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#8 - JRL 7228
Moscow News
June 18-24, 2002
Russia Gets an Upgrade
In its annual human-trafficking report, the U.S. State Department moved Russia up from Category 3 to Category 2
By Ilya Baranikas

This year the U.S. State Department has for the third time published its annual report on international trafficking in persons, which, according to Secretary of State Colin Powell, "leaves no land untouched, including our own," although it is "incomprehensible" that this should be possible in the 21st century in the first place. The World's Worst Trade

The U.S. State Department first took up assessment of international slave trade after the U.S. Congress passed, in 2000, the Victims of Trafficking and Violence Protection Act. With pedanry typical of U.S. bureaucracy, the State Department classified all countries into three categories: Category 3 comprises states with the most appalling track record; Category 1 are those at the forefront of combating trafficking in persons while Category 2 are countries that are still bad but trying to mend their ways. There is a financial incentive to encourage the get-better aspiration: In the past two years the U.S. administration has provided 92 countries with a total of more than $100 million worth to help prevent and combat trafficking in persons.

Recently John Miller, senior advisor to the secretary of state and director of the Office to Monitor and Combat Trafficking in Persons, gave a briefing for foreign news media. He cited some striking statistics: Every year, between 800,000 and 900,000 women, men, and children are transported across state borders to be sold into the sex industry or any other industries where they are doomed to slave status. These statistics do not include national, or domestic, slavery - that is to say, exploitation of slave labor within a particular country.

Slavery as a Health Department Problem

Does America itself serve as a model to others? It generally does. In 2001-02, the U.S. Department of Justice prosecuted 79 slave traders, opening 127 criminal cases. The Department of Health and Human Services distributes grants among trafficking victims to help destitute and traumatized people get temporary housing accommodation, psychiatric aid, legal advice, and so forth. The Department of Homeland Security's Bureau for Citizen and Immigration Services introduced special visas for trafficking victims: They are given an opportunity to live and work in the United States for three years until their cases have been investigated and examined in a court of law.

Nonetheless, America has yet to eradicate human trafficking in its own territory. Say, almost every Russian-speaking immigrant living here has at one time or another employed illegal baby-sitters from the former Soviet Union. These women are brought here on guest visas that do not allow them to work, have their passports taken away and placed with families, mainly "New Russian" families, because most baby sitters do not speak English. The lion's share of the money they earn they have to give to their "minders," and God forbid that they should start claiming their rights or try cheating. The same applies to girls from the CIS who have been brought here to work in "salons," illegal construction workers, etc.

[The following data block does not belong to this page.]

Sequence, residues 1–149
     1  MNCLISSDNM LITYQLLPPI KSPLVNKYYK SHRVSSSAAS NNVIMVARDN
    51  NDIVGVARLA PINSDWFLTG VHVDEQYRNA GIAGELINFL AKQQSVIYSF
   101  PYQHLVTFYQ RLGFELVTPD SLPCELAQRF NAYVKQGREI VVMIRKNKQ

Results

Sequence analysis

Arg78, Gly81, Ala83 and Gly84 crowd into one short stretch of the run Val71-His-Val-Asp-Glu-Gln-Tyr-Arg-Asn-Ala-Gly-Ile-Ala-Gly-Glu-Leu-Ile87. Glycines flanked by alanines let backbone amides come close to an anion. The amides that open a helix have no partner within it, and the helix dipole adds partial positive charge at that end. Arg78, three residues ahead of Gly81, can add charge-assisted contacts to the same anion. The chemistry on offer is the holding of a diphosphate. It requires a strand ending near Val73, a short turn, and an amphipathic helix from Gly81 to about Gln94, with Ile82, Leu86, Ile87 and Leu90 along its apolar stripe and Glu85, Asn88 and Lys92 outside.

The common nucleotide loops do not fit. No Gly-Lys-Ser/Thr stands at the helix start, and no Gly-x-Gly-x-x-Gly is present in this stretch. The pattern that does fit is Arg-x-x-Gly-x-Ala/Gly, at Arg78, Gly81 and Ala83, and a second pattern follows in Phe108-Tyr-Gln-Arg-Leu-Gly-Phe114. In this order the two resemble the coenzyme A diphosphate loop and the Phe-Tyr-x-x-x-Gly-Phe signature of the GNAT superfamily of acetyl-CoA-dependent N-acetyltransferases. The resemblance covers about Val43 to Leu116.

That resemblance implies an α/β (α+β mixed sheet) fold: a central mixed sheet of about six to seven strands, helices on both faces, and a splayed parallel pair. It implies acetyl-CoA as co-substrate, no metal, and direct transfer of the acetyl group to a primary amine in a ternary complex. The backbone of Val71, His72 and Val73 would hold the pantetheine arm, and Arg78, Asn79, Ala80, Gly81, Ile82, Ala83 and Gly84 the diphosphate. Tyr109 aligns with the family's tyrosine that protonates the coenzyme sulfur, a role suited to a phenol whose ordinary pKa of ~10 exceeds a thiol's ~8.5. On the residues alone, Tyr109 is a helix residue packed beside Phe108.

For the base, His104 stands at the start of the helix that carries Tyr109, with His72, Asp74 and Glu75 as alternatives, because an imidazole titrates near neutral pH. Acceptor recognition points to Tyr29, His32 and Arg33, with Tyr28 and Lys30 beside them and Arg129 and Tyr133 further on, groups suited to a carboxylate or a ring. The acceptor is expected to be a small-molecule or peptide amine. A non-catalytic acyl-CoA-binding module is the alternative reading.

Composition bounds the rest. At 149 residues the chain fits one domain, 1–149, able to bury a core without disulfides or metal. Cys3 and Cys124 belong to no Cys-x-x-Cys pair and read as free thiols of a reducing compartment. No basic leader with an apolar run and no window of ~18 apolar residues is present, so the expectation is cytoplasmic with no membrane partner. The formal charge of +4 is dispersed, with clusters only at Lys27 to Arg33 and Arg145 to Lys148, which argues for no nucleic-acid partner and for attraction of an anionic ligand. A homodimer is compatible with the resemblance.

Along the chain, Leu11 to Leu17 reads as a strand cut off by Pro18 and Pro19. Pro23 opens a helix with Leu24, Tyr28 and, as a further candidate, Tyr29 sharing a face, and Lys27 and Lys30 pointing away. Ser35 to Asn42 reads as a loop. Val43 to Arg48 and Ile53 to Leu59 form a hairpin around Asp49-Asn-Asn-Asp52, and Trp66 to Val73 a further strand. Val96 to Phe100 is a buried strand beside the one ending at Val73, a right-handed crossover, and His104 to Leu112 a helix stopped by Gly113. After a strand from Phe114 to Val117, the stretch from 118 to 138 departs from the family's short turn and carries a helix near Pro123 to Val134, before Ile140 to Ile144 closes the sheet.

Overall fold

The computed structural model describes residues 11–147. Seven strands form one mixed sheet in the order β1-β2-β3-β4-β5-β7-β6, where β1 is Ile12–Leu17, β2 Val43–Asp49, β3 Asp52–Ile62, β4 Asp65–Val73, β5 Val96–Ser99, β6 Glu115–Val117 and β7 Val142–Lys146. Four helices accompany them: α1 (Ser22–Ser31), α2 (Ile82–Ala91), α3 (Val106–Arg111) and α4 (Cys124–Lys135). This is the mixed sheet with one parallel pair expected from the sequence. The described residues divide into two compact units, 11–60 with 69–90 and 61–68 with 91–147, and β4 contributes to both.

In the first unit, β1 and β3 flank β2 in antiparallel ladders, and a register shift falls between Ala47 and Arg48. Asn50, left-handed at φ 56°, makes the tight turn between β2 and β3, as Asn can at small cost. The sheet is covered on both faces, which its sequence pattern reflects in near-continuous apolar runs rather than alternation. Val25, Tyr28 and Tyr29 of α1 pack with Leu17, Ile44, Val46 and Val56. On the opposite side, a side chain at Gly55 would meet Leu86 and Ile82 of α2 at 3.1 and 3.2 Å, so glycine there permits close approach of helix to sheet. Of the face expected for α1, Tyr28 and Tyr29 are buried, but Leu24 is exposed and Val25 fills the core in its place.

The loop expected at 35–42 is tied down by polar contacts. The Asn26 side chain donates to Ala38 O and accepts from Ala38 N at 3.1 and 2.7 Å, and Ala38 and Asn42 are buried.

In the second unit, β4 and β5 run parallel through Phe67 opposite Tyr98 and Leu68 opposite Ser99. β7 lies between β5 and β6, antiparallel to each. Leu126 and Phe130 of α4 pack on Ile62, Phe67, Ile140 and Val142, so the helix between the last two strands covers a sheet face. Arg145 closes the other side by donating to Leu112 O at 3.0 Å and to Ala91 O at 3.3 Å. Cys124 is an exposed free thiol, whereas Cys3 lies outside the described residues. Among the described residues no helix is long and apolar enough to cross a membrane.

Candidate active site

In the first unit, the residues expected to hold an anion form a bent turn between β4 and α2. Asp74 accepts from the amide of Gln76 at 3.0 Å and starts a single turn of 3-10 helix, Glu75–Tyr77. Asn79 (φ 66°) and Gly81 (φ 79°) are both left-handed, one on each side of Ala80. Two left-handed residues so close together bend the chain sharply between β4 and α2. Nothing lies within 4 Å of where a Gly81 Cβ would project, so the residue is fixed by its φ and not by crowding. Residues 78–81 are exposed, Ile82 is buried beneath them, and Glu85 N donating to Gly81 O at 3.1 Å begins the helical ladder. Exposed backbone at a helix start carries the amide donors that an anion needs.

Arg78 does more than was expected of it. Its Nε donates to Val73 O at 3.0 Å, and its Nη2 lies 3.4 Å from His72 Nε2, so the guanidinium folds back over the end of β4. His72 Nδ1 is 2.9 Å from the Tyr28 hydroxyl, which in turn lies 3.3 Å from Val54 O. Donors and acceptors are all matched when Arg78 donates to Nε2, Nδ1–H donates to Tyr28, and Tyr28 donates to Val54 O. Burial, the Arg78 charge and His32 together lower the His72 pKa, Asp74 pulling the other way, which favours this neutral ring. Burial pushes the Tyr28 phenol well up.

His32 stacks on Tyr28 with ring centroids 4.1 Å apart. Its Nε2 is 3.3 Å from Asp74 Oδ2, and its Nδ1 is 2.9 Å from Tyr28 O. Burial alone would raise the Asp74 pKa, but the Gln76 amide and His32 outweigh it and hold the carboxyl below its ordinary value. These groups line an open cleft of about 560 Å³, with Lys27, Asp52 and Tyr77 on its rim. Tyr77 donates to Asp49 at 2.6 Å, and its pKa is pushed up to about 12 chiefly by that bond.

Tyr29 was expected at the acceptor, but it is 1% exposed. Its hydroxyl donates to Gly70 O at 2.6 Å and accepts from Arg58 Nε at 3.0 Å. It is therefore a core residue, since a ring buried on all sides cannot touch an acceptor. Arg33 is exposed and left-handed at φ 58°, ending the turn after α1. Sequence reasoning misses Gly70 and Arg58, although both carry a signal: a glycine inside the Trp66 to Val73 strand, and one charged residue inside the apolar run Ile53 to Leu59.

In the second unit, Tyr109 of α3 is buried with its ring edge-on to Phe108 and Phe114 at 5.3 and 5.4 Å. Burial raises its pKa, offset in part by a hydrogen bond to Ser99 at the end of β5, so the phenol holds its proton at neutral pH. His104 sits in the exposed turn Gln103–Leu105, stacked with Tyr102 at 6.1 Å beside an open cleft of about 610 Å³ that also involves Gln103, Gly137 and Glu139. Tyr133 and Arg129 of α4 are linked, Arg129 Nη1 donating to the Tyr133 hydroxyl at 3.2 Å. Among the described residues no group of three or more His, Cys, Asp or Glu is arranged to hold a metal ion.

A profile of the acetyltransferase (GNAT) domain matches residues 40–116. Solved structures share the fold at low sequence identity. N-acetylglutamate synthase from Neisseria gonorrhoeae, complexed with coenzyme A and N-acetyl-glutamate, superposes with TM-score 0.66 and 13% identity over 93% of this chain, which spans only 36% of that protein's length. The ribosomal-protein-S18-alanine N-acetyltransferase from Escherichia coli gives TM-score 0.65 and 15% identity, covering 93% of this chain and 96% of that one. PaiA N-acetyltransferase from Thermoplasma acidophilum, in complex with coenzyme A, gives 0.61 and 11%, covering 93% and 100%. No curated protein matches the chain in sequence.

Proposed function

Upgrades Questioned

According to John Miller, as of this year the United States has reviewed its rating of a number of countries. Whereas last year there were 19 countries in Category 3, this year there are 15. Not all changes in the Washington table of ranks get a sympathetic response from human rights organizations. Thus some rights movements consider the "upgrading" of such countries as Cambodia, Indonesia, Lebanon, Qatar, Belarus, and Russia to be unfair, saying that prostitution in these countries only keeps rising while all of them have been graduated from Category 3 - in effect a blacklist - to Category 2, which comprises the overwhelming majority of normal states. Category 3 is a blacklist category because these countries will have U.S. assistance cut back unless they clean up their act before October 1, 2003. This year's blacklist includes Turkey, Greece, Cuba, North Korea, Belize, Bosnia, the Dominican Republic, Haiti, Myanmar (Burma), Sudan, Liberia, Surinam, Kazakhstan, Uzbekistan, and Georgia.

Lithuania is the only FSU country in Category 1. Armenia, Kyrgyzstan, and Tajikistan, together with Russia and Belarus, have graduated from Category 3 to Category 2.

Expediency Prize for Arabs

The annual report contains plenty of elements based on considerations of expediency. Take for instance the miraculous transformation of two Arab countries from backward to front-line: Saudi Arabia and the United Arab Emirates have advanced from Category 3 to Category 1, and are now ranking on a par with such states as Great Britain, Switzerland, the Netherlands, Sweden, and Germany. Obviously, Washington chose not to aggravate the anti-American sentiments in these states that are already running high in the wake of the war in Iraq.

As for such deadbeats as Cuba, North Korea, and Sudan, they don't give a damn about the U.S. classification one way or the other: They bear the "state sponsors of terrorism" stigma anyway, and are therefore under sanctions and not entitled to any aid.

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